He is hopeful, however, that the next call would be from one of his regulars looking for a driver-for-hire.
"HOW WAS I SUPPOSED TO PROVIDE FOR MY FAMILY?"
The back alleys of Bali’s Kerobokan area were buzzing with the sounds of hammers and handsaws and workers plastering newly erected walls.
Two properties were being built, while another was being constructed further down the road.
Land is still relatively cheap in Kerobokan despite its close proximity to the business centres of Denpasar and the tourist magnets of Kuta and Seminyak, making it the ideal place for workers to look for lodging.
Komang Sumantara was among the labourers constructing a three-unit property sitting on an alleyway just wide enough to fit motorcycles.
Meant for unmarried low-wage workers and university students and measuring just 4m by 5m each, the units can only fit a single bed, a standing closet, a desk, a small bathroom at the back and nothing else.
As the most inexperienced labourer working on the construction site, Sumantara’s tasks required little skills - straining the sands to weed out the coarse rocks, preparing cement mixture and moving heavy building materials.
They were mostly tasks so laborious and repetitive no one else would do them.
Sumantara, a 45-year-old father of two, had only been doing construction work for the last four months.
Before this, he was a freelance driver-for-hire making 5 million to 7 million rupiah a month.
The money was enough to put his two teenage children through school.
“I felt the impact (of COVID-19) in March. There were no customers. Tourists were starting to leave (Bali),” he told CNA. “There was no work. I was desperate. How was I supposed to provide for my family? How was I supposed to pay for my children’s tuition?”
He even had to borrow money just so that he could put food on the table.
Sumantara’s brother-in-law came with a proposition in May. He had been planning to build an income property just metres away from where Sumantara and his extended family live.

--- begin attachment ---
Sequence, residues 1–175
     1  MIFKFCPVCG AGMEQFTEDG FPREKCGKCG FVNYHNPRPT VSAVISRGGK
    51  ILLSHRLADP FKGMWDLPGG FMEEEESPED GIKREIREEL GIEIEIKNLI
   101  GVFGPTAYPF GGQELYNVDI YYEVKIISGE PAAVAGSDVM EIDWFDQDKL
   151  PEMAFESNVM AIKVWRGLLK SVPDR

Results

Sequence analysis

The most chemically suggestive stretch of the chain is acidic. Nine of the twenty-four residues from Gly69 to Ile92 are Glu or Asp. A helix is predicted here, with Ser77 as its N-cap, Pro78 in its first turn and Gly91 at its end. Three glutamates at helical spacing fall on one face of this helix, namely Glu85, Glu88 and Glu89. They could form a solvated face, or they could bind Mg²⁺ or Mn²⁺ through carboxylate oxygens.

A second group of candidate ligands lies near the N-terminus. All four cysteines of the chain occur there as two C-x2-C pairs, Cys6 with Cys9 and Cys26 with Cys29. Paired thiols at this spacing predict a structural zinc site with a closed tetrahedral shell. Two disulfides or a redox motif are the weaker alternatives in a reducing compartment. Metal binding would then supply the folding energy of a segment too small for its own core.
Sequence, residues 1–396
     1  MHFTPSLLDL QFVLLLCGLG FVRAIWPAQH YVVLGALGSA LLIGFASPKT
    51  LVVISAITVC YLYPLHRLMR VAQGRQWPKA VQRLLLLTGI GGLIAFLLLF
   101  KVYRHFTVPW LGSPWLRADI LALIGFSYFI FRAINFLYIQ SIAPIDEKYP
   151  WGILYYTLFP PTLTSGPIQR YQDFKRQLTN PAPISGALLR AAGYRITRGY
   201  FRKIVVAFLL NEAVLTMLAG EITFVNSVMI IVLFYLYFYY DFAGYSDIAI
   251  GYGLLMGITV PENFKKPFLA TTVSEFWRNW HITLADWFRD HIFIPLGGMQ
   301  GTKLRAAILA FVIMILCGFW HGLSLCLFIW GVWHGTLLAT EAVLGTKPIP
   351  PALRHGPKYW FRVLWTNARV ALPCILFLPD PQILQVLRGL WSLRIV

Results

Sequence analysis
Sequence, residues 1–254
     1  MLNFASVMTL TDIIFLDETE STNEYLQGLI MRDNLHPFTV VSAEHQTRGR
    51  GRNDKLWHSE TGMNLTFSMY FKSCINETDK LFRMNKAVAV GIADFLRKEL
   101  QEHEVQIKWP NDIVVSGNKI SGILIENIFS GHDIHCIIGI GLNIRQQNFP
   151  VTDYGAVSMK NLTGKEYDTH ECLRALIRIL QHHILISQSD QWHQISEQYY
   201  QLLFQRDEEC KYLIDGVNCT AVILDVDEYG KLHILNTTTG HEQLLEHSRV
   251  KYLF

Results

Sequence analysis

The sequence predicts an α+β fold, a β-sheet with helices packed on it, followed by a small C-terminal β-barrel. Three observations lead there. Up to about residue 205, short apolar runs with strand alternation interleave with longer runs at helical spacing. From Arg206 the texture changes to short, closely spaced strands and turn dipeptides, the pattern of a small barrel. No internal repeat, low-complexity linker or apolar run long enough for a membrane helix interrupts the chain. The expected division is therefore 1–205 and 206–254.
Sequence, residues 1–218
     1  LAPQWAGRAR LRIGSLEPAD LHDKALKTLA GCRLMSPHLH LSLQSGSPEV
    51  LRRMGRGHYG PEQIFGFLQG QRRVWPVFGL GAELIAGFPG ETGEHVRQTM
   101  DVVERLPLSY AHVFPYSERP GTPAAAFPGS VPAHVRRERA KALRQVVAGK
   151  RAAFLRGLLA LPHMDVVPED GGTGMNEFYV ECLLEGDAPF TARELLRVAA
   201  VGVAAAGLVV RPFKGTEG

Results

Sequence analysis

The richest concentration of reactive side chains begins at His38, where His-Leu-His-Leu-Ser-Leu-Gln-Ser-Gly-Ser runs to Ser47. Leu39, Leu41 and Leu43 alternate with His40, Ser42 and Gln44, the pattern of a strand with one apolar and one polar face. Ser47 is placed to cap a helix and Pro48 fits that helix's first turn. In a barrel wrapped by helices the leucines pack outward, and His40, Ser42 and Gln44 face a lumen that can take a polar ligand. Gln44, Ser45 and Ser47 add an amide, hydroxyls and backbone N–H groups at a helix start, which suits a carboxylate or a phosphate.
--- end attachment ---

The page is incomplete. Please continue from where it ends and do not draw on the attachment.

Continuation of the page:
The brother-in-law asked if Sumantara would be interested in doing some construction work. The pay was lousy, just 100,000 rupiah for a day of hard labour, a fraction of what he would make driving tourists around Bali in an air-conditioned car.
Desperate for cash, Sumantara agreed.
But he soon realised just how hard it was to be a construction worker.
“I was not used to the heat. I was not used to the hard work. Every day, I had to haul in sacks of cements and lift heavy rocks,” he said. His body was so shocked by the sudden change in lifestyle that he fell ill.
“I thought about my kids and pretty soon I was back on my feet again,” he said.
He now works six days a week, earning just over 2 million rupiah a month. But he does not get to enjoy all of that money.
Several years ago, he decided to get a loan for a minivan so he could earn more money by renting and driving his own vehicle.
He was just months away from repaying all of his loans, but then COVID-19 started to sweep across Indonesia.
Sumantara said he tried to lobby his car’s leasing company to restructure his loan. He tried to argue that he was not making as much as he used to and highlighted the fact that he was just months away from repaying his loans and he had never missed a payment before.
But the company told him that he should at least pay a monthly interest of 800,000 rupiah instead of the full instalment of 3 million rupiah a month.
Sumantara had no choice but to accept the offer, even though this meant he only has 1.2 million rupiah a month to spend on food, tuition fees and other expenses.
“I am now lobbying (the leasing company) again for further reduction. I hope they will understand,” he said.
Regardless of what the leasing company’s decision may be, Sumantara said he is determined to pay up his loan with whatever money he has to improve his credit score.
The three-unit property was just weeks away from completion. What was left to be done was laying the tiles, installing the plumbing, electrical wiring and lighting fixtures, and giving the building a coat of paint.
Once completed, Sumantara would have to find another job.
“My eldest is 17 now. In a year’s time, I will need to borrow money again so he could attend university. I want my kids to have a better education than me. Even if it means that I don’t eat, that’s fine,” he said.